The Endicott Johnson Corporation, known for
decades as the manufacturer of good, sturdy
shoes, is now a "with it" company.
But that new watchword of EJ, as the residents
of the company's triple home towns of Bingham-ton,
Endicott and Johnson City, New York, call
it, has evolved through some recent hard times
for the nearly century-old corporation.
Now Endicott Johnson, a company that five
years ago reported an annual operating loss of
more than $4 million, has a new image—the
image of a footwear manufacturer that puts out
a shoe styled to compete in fashion design with
any in its medium price range; boasts an advanced
marketing system through what EJ considers
the most sophisticated electronic data
processing system of any shoe company; and has
pioneered a new type of sport footwear.
The new image has given a new look also to
the company's financial statement, changing the
print from red to black and showing a $1.5 million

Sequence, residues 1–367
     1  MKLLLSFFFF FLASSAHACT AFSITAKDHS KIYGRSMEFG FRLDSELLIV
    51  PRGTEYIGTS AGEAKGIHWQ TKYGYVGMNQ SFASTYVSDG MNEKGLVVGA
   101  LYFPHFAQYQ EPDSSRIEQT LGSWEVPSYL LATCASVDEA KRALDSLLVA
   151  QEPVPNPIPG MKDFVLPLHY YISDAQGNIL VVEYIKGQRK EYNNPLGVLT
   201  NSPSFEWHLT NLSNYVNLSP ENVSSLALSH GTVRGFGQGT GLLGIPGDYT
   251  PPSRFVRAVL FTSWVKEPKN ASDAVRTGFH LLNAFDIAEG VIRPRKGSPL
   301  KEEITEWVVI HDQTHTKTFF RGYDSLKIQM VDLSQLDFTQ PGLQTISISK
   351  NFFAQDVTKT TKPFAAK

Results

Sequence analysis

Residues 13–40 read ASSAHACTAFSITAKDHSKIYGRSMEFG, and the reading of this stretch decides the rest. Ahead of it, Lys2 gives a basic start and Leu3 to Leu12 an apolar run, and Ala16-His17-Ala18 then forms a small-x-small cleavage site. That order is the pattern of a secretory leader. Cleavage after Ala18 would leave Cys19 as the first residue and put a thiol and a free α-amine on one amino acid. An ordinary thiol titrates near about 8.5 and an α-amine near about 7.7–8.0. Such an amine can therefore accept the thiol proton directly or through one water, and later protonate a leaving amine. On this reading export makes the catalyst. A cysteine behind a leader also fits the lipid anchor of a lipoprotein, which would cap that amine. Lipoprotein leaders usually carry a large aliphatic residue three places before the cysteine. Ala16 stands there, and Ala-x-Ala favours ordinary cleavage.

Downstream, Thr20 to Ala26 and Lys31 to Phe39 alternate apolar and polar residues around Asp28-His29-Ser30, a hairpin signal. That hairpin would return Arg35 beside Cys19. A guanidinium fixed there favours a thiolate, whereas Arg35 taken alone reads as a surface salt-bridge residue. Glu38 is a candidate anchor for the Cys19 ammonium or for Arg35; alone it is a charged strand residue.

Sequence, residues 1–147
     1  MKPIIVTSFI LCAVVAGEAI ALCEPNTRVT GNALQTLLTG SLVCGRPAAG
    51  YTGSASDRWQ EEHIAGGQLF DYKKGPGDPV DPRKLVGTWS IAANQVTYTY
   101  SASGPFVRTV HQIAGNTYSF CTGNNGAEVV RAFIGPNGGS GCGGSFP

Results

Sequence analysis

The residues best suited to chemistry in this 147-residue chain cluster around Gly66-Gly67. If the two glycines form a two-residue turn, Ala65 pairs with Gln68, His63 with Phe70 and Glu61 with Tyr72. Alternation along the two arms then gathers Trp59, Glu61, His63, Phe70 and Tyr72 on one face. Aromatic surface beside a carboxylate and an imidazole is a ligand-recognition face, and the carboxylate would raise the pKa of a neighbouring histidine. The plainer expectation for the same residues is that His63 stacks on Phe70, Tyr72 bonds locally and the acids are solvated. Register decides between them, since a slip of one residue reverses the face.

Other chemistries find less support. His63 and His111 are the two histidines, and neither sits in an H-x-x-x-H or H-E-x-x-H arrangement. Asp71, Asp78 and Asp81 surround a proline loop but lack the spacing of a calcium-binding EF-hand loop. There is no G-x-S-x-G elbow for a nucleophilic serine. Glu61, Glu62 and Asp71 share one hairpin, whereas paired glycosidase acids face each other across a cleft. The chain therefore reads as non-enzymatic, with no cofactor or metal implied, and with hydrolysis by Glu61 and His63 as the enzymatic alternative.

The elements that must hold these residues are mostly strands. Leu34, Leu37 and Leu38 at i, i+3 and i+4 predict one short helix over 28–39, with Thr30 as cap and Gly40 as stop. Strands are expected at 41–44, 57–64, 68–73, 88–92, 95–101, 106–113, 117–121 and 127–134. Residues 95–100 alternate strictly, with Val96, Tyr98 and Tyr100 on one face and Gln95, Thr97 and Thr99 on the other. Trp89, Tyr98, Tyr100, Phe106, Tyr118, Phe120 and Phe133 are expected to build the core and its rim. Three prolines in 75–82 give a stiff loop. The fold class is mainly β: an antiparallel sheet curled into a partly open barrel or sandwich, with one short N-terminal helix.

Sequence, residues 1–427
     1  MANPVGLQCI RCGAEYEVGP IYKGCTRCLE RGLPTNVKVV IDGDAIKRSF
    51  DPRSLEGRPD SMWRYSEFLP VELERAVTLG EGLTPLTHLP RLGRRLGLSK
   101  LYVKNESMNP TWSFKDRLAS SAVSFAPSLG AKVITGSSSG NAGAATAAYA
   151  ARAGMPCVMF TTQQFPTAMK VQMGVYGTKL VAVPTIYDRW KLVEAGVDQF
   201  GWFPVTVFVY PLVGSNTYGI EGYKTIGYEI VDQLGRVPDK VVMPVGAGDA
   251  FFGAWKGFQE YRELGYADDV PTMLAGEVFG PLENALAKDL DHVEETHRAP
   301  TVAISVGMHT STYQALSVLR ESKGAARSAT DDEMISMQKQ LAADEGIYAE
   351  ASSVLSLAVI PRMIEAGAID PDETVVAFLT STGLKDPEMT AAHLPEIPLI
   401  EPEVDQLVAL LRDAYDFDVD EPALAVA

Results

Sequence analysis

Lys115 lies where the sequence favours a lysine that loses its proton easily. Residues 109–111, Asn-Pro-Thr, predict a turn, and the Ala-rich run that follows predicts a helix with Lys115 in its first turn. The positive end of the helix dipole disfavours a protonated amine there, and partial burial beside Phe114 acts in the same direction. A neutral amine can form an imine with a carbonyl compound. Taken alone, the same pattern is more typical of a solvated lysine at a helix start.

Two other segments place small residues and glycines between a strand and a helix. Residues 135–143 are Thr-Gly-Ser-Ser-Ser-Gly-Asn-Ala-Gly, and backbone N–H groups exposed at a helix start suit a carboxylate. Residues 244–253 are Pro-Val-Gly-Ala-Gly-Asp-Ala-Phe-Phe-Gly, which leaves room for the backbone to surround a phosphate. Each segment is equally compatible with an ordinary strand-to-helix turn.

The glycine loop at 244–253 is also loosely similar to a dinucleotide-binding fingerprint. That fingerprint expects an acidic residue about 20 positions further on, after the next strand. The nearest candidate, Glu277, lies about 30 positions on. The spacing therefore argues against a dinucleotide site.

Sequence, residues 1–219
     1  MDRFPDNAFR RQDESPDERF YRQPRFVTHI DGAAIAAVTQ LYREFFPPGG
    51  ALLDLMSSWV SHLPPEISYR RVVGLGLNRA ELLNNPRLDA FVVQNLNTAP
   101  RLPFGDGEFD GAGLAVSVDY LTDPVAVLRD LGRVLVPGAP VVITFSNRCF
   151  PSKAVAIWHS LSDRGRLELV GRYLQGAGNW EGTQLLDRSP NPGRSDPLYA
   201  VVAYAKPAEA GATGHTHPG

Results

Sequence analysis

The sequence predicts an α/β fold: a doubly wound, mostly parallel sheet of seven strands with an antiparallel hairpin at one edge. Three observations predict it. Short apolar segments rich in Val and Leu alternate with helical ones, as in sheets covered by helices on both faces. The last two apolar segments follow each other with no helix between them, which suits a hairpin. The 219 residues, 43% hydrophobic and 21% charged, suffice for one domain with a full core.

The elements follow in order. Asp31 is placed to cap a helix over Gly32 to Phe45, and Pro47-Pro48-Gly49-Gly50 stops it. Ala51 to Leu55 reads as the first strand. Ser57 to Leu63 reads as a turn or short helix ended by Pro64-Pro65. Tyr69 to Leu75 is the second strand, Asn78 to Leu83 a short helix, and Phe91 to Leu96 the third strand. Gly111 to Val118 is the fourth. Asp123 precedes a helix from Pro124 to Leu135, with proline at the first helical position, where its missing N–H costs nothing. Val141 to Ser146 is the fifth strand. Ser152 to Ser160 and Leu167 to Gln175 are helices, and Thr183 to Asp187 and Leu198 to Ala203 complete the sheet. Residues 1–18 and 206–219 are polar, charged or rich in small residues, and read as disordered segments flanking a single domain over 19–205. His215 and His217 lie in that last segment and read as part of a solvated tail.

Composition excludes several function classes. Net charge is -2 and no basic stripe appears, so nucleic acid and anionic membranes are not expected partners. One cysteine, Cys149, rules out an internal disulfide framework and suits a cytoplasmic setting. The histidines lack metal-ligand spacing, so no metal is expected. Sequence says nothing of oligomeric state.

profit in the company's interim report for the first
half of 1968.
Until it was forced by a changing society that
wanted style plus comfort in its shoes, Endicott
Johnson was a company as homey as its product.
It was a company guided by one of its co-founders
George F. Johnson—a man who planned and
built homes, parks and swimming pools for his
workers and designed an 18-hole employee golf
course that, he said, "had to be level so that men
and women who have been busy at machines all
day won't have to climb the tough hills that make
a course sporty."
In its early years EJ claimed many firsts in the
shoe industry. It was the first shoe company in
1903 to sell its output directly to dealers rather
than through jobbers and later the first to open
its own retail stores. Only forty years old in the
early 1920's, the company had become the most i
highly integrated shoe manufacturer in the industry.
Ten years later it had become the industry's
second largest shoe producer with a capacity of
45 million pairs of shoes in 28 plants.
Yet in 1960 the company, after experiencing
some earlier shaky years, recorded its first loss
—a loss of $1.5 million—and was fighting for its|
life against a New York City-based holding com-i
pany that was trying to gain financial control. •
Endicott Johnson began to sink because it continued
its old pattern of distribution to rural populations
while the United States urban popula-